As the turkey begins to finally run out and the hangovers subside, it's time for the TechRadar team to dream about the tech we expect to see emerge over the next 12 months.
Whatever this new year holds, we won't have to wait long until we see the first fruits. The Consumer Electronics Show starts next Wednesday in Las Vegas – so expect new kit aplenty.
First, let's look at what we expect to happen in mobile phones during 2010. "It's the beginning of the end for the featurephone, those pretty but less functional handsets," says mobile phone specialist Gareth Beavis. "It's not that the segment is dying, rather that it's re-inventing itself as part of the smartphone revolution, meaning more applications for everyone."
"Samsung's pledge to use Bada, which brings smartphone capabilities to cheaper handsets, on its lower end range shows that the soon-to-be world's biggest phone manufacturer wants to see smartphones in the hands of many more people, with the rest of the industry set to follow suit too."
Windows Mobile gets good?
We'll also see one of the internet's worst kept secrets confirmed: "Windows Mobile 7 will arrive during Mobile World Congress in February," says TechRadar's Editor (Reviews and Features) Paul Douglas.
"Microsoft will back down on internal marketing plans to tout it as 'the funnest phone ever' and instead advertise it with a line like 'your phone connects you to the people and programs you love', or 'your phone, simplified'. It won't feature an ad campaign that says 'I'm a phone and Windows Mobile 7 was my idea' because the idea of many Windows Mobile 6 users was to defect to Android or iPhone."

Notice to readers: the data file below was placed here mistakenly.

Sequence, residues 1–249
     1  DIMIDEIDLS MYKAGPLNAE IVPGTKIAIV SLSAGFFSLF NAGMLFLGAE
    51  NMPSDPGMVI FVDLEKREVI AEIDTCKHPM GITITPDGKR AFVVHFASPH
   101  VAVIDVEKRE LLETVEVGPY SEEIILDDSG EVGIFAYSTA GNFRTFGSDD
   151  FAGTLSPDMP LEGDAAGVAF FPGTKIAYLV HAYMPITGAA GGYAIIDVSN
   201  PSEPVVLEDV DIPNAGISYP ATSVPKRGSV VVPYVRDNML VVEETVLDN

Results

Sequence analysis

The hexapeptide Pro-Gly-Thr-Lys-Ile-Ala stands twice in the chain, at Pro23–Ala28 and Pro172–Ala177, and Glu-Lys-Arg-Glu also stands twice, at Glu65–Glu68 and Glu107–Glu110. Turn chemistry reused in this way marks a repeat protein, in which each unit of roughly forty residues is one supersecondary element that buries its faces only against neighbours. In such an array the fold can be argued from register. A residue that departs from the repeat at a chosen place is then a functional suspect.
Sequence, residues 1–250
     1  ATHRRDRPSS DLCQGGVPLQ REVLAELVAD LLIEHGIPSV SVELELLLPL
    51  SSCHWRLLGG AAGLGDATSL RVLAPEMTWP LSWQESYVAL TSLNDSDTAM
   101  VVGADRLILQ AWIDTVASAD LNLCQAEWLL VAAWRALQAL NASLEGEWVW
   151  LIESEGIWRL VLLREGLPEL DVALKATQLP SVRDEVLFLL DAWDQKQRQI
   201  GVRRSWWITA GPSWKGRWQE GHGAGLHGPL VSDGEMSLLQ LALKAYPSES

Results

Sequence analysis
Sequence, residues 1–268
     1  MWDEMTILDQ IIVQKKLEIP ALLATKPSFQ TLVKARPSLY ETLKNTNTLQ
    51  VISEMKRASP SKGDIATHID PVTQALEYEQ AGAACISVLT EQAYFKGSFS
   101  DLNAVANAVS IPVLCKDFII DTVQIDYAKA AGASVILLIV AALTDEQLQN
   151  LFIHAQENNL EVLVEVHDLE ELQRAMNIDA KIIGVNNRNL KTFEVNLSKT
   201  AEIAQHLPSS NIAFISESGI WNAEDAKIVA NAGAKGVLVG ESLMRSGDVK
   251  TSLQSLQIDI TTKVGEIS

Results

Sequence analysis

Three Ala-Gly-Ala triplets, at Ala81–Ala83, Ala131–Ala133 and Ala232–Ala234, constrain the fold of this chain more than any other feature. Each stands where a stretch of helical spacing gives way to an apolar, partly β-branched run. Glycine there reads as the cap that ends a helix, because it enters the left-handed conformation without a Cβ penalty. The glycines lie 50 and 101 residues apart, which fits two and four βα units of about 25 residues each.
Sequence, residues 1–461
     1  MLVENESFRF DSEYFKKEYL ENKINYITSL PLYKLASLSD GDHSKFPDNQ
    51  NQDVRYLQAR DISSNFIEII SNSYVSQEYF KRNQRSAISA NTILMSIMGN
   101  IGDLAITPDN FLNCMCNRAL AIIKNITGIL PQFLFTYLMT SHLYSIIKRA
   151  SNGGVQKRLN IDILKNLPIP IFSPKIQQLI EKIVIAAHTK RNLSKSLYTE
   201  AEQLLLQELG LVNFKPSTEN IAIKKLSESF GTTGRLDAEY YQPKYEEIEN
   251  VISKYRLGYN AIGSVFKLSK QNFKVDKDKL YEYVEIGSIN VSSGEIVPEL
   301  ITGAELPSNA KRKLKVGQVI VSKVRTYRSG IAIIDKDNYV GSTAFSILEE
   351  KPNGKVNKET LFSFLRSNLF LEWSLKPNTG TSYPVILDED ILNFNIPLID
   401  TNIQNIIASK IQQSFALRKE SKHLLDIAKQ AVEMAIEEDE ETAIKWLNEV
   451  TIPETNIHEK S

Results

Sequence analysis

But will Windows Mobile 7 finally bring in the missing piece – an interface that's pleasurable to use and that doesn't send handset makers such as HTC rushing to build their own interface on top?
"Leaked mock-ups suggest Microsoft has got it right, though Android 2.0 and a new iPhone in 2010 will raise the bar still higher," believes Paul. "I own a Windows Mobile phone and I've joked to my smug iPhone-toting friends that I'm holding out for Windows Mobile 9 – Android handsets are looking really compelling at the moment and I'm so starting to worry about doing just that."
A big year for Google
While 2010 still won't be the year when Google's mobile OS ends up on handsets left, right and centre, 2010 is certain to be a huge year for Google. And not just in mobiles - Google OS will truly set the cat among the pigeons.
"We'll see a bunch of Google OS netbooks arrive in the second half of 2010 and the tech press will gasp and complain because they don't retail at a Google-We're-Not-Evil price point (ie 50 pence each)," says TechRadar's Deputy Editor Dan Grabham.
"Questions will be raised about netbooks that can't run desktop apps such as Outlook and Photoshop and there will be stories about people returning Google OS netbooks to the stores because they thought they had bought a 'real computer' and ended up with a big, bulky Twitter status updater."
Gareth believes Google OS will present "a great opportunity for cross platform functionality with a big dollop of cloud computing to boot."
But unlike Linux netbooks, which didn't exactly set the world on fire, by 2015 we'll probably all own a netbook that runs Google OS. And maybe, just maybe, we'll have found a use for Google Wave on them by then.